Georgia’s offensive coordinator, top three wide receivers and a 1,000-yard rusher have all departed since the end of the 2018 season.
The turnover has created the opportunity for changes in the Bulldogs’ offense. That excites quarterback Jake Fromm, who is a football bookworm.
Fromm made a strong first impression on coach Kirby Smart as an early enrollee in 2017’s spring practice by quickly learning the playbook. The quarterback remains eager to digest new football knowledge.
“For me, I want to learn new things,” Fromm said at the start of spring practice last week. “If we change up the terminology every single year, I wouldn’t be opposed to that because I like learning.”
Now entering his third season as Georgia’s starter, Fromm is the clear leader of the offense. He was the decisive winner in last spring’s challenge from Justin Fields, who has transferred to Ohio State.
Transfer Stetson Bennett, back for his second stint with the Bulldogs, and freshman D’Wan Mathis are working behind Fromm at quarterback this spring.
There’s no new challenge to Fromm’s No. 1 status. The Georgia offense belongs to Fromm.
That doesn’t mean Fromm is ready to relax, so he welcomes tweaks to the offense installed by James Coley this spring.
Coley, the Bulldogs’ quarterbacks coach and co-offensive coordinator in 2018, now has full control of the offense after Jim Chaney was hired to run Tennessee’s offense.
The offense lost four key juniors to the NFL draft — tailback Elijah Holyfield, wide receivers Mecole Hardman and Riley Ridley and tight end Isaac Nauta.
Plenty of talent remains, including tailback D’Andre Swift. Fromm also has the security provided by four returning offensive linemen, including left tackle Andrew Thomas.
“I think with Jake leading us, we’re going to be a very dynamic offense,” Thomas said. “He knows every call, every check. The offensive line has been together for a while so I think it’s going to be a very good year.”
Fromm and Thomas are juniors in 2019, but this could be their last season. They were among select underclassmen who were invited to the NFL combine preview in Indianapolis last month.
Asked if his visit to the combine made him consider his NFL options for 2020, Fromm said “Yeah, a little bit. … It definitely opens my eyes and gives me a different perspective about what’s going on and how that transition takes place.”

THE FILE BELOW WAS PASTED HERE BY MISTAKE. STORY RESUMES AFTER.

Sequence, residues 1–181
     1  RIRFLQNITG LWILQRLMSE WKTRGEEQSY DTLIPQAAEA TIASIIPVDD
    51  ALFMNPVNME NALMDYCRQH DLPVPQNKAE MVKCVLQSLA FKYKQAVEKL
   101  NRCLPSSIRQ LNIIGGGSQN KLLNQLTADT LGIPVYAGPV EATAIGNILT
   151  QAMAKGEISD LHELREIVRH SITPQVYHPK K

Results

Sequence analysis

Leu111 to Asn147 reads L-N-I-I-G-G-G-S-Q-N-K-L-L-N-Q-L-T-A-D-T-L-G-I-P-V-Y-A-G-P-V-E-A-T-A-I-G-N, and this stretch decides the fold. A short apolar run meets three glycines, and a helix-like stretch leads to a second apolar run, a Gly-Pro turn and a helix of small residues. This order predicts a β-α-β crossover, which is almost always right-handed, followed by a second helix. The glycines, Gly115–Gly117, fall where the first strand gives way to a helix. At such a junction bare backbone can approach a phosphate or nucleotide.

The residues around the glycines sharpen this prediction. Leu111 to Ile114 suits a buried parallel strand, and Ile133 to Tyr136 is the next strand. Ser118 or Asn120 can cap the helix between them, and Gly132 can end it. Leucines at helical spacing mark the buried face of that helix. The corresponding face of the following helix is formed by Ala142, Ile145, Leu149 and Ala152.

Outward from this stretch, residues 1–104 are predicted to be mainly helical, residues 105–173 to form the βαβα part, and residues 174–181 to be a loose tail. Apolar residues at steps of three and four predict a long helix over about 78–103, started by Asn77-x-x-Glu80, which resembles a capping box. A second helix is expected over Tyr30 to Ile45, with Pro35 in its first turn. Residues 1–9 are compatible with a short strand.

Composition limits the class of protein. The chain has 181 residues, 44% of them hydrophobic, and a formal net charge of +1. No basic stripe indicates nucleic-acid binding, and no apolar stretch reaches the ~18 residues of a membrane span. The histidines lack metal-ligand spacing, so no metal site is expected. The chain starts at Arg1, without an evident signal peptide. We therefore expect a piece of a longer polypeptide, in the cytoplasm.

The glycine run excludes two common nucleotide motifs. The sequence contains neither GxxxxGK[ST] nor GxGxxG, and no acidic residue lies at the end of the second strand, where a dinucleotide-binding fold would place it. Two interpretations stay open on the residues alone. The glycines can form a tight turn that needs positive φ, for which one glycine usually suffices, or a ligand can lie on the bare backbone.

Until then, the transition on Fromm’s mind is the adjustment to Coley.
While some players have suggested Coley might put more emphasis on Fromm’s passing game, Smart warned against expecting dramatic change.
“Look, we’ve been really successful at running the ball,” Smart said. “That’s who we are at Georgia. We’re not going to go recreate the wheel.”
Georgia leans on the run but stresses balance. Fromm ranked fifth in the nation in passing efficiency while throwing for 2,749 yards and 30 touchdowns.
Georgia has won 24 games the last two seasons, including the 2017 Southeastern Conference championship. The Bulldogs lost to Alabama in last season’s SEC championship game before losing to Texas in the Sugar Bowl to finish 11-3.
Fromm said the experience gained the last two years has boosted his confidence.
“I’m definitely a lot more comfortable,” he said.
“I was talking to a lot of guys in my class and the senior class and was like, ‘Hey, am I the only one who feels like this is getting easy, or is this a thing?'”
Few players talk about SEC football getting easy. Still, Fromm is relishing the challenge provided by a new coordinator’s tweaks.
“It keeps me on my toes,” he said. “I get to learn. I love learning and anything about football really intrigues me.”